Toyota Center Adds Mammoth Video Board, Overhauls Control Room for All-Star Season
There are video boards, and then there’s the Toyota Center.
The Houston Rockets embarked on an All-Star season by unveiling the largest indoor center-hung video board in the U.S., one that measures a mammoth 25 x 58 ft. Certainly the centerpiece of the Toyota Center, which is hosting this season’s NBA All-Star Weekend, the venue’s new Panasonic video board is just one part of a $15 million upgrade spearheaded by Comprehensive Technical Group (CTG).
With CTG, Panasonic, and the Houston Rockets working through the summer to ready Toyota Center for the 2012-13 NBA season, team CEO Tad Brown opted to wait until Opening Night to unveil the video board, giving everyone involved several preseason games to practice.
“We were finished and ready to go for the preseason games in the middle of October,” says John Curtis, project manager, CTG. “The facility actually put black drape around the entire board during those preseason games so there was a tremendous opportunity to afford everybody in-depth run-throughs of the system. [When] we unveiled the actual system, everybody was remarkably calm.”
A Stunning Display
The center-hung structure consists of four large HD LED screens manufactured and installed by Panasonic: two 25- x 58-ft. screens bookended by two 25- x 25-ft. screens. Including the video ribbon board at the top of the structure, the viewing area totals 4,194 square ft.
“It’s stunning, to stay the least,” remarks Curtis. “The creative genius of the guys working at the Toyota Center is unmatched in the NBA, from what we’ve seen. The tasteful implementation of extra statistical data: they have stats running up on the board that you wouldn’t think to see in a regular game. They’re just continuing to push the limits of what the system can do.”
Panasonic also designed and manufactured six vomitory video boards, two end-hung video boards, and an exterior marquee and upgraded more than 400 new HD flat-screen TVs around the Toyota Center. Using the company’s playback system, the Rockets can display multilayered graphics on multiple screens simultaneously, as well as control each of the video boards independently. The Panasonic playback system helps to create the reverse-follow feed for the opposite side of the arena to prevent fans from becoming disoriented.
In addition to working closely with Panasonic, CTG handled the installation and integration of the Toyota Center’s control room. The company selected a Ross Video Vision switcher and BlackStorm playout server; Evertz router, terminal gear, and multiview processor; EVS replay system; Chyron LEX 3.1 character generator; and 10 ClickEffects systems (five CrossFires and five Blazes).
Four Ikegami HDK-77EC cameras feed the video boards. The cameras’ low-light performance was one reason the HDK-77EC model was chosen. This allows the production staff to get good crowd reaction shots while the seating bowl is dimly lit. This camera is an economical docking-style portable multi-format HD camera with CMOS imaging sensors for 1080i/720p HD format flexibility, lower power consumption, and reduced operating temperature, and have the ability to switch between fiber or triax cable use.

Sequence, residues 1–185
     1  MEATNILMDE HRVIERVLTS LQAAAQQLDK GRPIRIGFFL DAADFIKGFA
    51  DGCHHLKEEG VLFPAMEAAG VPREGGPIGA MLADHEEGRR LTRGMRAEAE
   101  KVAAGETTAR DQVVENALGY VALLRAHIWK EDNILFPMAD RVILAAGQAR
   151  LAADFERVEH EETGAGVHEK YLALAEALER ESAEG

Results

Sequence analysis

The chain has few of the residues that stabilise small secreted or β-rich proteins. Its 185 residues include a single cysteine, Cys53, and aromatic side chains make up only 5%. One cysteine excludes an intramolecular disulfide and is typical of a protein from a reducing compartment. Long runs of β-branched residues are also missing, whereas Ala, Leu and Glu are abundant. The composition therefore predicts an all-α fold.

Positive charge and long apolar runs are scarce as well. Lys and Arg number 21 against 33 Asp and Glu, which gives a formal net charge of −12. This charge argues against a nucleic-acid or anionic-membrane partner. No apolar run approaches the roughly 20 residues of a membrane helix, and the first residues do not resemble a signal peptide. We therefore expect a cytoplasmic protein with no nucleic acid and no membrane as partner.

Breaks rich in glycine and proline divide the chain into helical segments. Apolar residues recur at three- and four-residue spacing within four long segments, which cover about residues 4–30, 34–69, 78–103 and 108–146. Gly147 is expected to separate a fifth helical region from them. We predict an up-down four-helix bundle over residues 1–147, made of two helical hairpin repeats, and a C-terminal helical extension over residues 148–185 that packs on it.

A major component of the HD upgrade involved centralizing the edit suite. Previously, the Rockets edited video on standalone machines and shared content on thumb drives. CTG installed a six-station Avid editing system with network storage.
“The EVS is tied directly into the Avid system so the editors can be working on highlight reels before the game is even over,” says Curtis. “At the same time, all of their promo material — all the videos they do for the introductions, the video breaks during the show — are done on the Avid system. All the network drives are mapped to each other so they can push this content over to the playout servers, and, if they make changes to anything or tweak something, they can do it in real time.
“The creative element in the entire production is greatly enhanced by the Avid,” he continues. “[They are] able to do those things in real time that they couldn’t do before.”
The Toyota Center control room is located in the basement of the facility, nearly 200 ft. from the court. Because there is no direct line of sight into the bowl, CTG installed four Panasonic pan/tilt/zoom cameras and a fiber backbone for support.
Curtis explains, “The addition of the PTV cameras was [partly] to give them fixed cameras throughout the facility that they could build into their multiviewer to make the control room feel like it’s much closer to the court than it actually is.”
Ready for All-Star
CTG built as much of the control room off-site as possible, minimizing the room’s downtime. Although the Rockets’ Opening Day was not until Nov. 3, the room was on-line by mid September in time to support a university graduation. As All-Star Weekend approached, the Rockets were ready for all eyes to be on the Toyota Center.
“The HD upgrade is significant,” says Curtis, noting “the creative aspect of what this has brought to the Rockets production staff. They produce all of their videos internally, so they’ve gone from just doing basic promo videos to looking at how these videos play back on all these different surfaces. Now they have the tools to play all this back essentially at the push of a button. It’s really amazing to see the entire system work as one giant system.”